Yarmouth region welcomes another good rainfall
Tusket, Yarmouth County, reported 99 mm of rain for Sept. 25-27
Following the latest rainfall in southwestern Nova Scotia, officials with a couple of local emergency measures organizations said initiatives to help people affected by this year’s drought would remain in place, at least for now, although things are improving.
“I’ve talked to quite a few people and the wells are coming up, slowly,” said Janine Muise, EMO co-ordinator for the Municipality of Argyle in Yarmouth County, which, for the second straight week, received some significant rain.
Tusket reportedly got 99 mm between Tuesday, Sept. 25, and Thursday, Sept. 27, and Wedgeport got 89 mm for the same period.
Other precipitation totals in the tri-county region for Sept. 25-27 included 75 mm in Yarmouth, 43 mm in Port Maitland, 42 mm in Shelburne, 15 mm in Digby.
Contacted on the morning of Friday, Sept. 28, Muise said the Municipality of Argyle was continuing its efforts to help those impacted by this year’s extended period of dry weather, including the distribution of drinking water.
“Everything is still in place,” she said. “We haven’t stopped anything. We’ll keep it in place for a little while just to make sure.”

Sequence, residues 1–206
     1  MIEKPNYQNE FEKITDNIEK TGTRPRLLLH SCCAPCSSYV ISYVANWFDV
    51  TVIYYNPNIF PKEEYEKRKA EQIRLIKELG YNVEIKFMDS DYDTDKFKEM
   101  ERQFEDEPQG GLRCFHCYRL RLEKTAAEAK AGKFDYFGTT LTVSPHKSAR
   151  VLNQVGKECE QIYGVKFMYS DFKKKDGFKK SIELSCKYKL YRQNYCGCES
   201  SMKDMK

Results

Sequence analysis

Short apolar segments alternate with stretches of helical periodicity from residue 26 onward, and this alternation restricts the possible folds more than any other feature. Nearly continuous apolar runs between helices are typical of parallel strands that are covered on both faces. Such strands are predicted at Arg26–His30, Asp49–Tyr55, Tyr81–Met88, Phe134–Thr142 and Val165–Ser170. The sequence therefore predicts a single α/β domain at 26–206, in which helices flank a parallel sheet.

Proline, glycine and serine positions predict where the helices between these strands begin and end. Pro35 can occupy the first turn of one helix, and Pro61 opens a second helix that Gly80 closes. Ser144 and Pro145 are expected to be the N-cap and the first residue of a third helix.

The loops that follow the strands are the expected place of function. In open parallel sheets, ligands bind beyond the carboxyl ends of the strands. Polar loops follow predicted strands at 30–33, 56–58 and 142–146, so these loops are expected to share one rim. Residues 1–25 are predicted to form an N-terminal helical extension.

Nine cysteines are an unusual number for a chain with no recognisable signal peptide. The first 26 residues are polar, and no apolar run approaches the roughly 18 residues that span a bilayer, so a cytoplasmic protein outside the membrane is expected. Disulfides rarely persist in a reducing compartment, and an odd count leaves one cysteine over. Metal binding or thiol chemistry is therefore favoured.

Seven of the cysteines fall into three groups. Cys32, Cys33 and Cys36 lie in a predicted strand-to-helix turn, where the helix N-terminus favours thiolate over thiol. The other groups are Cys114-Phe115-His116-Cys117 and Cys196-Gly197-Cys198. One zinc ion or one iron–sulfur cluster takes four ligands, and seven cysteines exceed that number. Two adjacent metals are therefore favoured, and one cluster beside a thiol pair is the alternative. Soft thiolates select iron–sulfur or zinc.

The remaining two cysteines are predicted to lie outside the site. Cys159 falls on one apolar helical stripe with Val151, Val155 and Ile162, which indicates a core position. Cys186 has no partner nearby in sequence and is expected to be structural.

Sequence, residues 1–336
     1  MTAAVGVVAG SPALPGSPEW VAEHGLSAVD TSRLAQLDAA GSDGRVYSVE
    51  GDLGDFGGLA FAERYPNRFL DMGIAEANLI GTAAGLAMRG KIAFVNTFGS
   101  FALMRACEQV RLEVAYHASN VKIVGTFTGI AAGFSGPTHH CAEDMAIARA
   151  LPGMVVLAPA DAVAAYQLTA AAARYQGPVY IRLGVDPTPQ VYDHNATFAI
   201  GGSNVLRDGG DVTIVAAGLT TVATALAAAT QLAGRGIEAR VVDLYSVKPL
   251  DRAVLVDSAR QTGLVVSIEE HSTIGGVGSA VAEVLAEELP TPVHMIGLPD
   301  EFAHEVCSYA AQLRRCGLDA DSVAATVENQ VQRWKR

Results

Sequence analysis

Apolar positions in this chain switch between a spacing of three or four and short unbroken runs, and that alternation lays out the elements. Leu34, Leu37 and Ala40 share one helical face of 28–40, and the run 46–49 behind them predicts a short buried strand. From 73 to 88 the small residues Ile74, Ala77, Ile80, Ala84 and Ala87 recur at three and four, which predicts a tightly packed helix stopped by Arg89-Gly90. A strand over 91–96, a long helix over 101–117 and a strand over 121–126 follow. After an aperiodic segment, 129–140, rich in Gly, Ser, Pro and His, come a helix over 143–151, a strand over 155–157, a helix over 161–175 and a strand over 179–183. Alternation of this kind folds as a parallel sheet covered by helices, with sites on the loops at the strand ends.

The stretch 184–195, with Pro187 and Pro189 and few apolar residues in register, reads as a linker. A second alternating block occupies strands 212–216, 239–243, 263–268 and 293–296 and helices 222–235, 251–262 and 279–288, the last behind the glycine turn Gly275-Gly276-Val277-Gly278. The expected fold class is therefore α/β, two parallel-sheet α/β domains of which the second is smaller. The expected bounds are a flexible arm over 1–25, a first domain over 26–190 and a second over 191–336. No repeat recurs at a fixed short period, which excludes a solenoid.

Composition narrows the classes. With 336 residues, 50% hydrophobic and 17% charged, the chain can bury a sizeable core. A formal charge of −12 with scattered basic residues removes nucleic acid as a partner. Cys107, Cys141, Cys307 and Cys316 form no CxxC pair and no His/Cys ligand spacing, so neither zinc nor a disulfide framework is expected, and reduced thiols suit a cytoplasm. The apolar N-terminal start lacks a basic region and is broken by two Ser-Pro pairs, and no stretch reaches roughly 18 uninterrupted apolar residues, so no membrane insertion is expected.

The province had just delivered another shipment of drinking water for the area, which would be divided among the municipalities of Argyle, Barrington and Yarmouth. The water was being stored at the Mariners Centre.
For people whose wells are coming back up – particularly those whose wells went dry – Muise said it might be a good idea to have the wells tested, just to be safe.
On social media, many people were saying this most recent welcome rainfall helped their wells quite a bit.
In the neighbouring Municipality of Barrington, EMO coordinator David Kendrick said the latest rain would help, although he said the Barrington area had received less precipitation than Yarmouth County.
Still, he said, even before the latest rain, there were signs the situation was getting better, given local fire departments had delivered less water to people and Barrington’s arena had seen fewer people coming to use its shower facilities.
“After this rain, I think there’ll be more (improvement),” Kendrick said.
The municipalities of Argyle and Barrington have been among the areas hit hardest by this year’s dry spell, as they were by the drought of 2016.
Are dry summers going to be more common, as some have suggested? Muise said officials have to consider this possibility and prepare for it.
“I think the municipality has to really look at – and that’s what we’re going to be doing – what things can be put in place, long-term,” she said. “This has happened twice in three years.”
And more residents seem to be taking action too, she said, noting that there has been growing interest in a municipal program to help people upgrade their wells.
‘There’s been a lot of people investigating that (program) to dig new wells or dig their existing wells deeper,” she said.